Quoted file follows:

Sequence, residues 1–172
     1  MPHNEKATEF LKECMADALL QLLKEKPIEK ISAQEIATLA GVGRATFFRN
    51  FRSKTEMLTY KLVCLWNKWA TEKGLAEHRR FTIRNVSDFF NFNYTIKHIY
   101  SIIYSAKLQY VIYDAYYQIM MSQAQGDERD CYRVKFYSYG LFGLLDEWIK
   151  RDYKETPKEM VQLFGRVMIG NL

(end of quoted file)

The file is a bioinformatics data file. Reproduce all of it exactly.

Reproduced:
Sequence, residues 1–172
     1  MPHNEKATEF LKECMADALL QLLKEKPIEK ISAQEIATLA GVGRATFFRN
    51  FRSKTEMLTY KLVCLWNKWA TEKGLAEHRR FTIRNVSDFF NFNYTIKHIY
   101  SIIYSAKLQY VIYDAYYQIM MSQAQGDERD CYRVKFYSYG LFGLLDEWIK
   151  RDYKETPKEM VQLFGRVMIG NL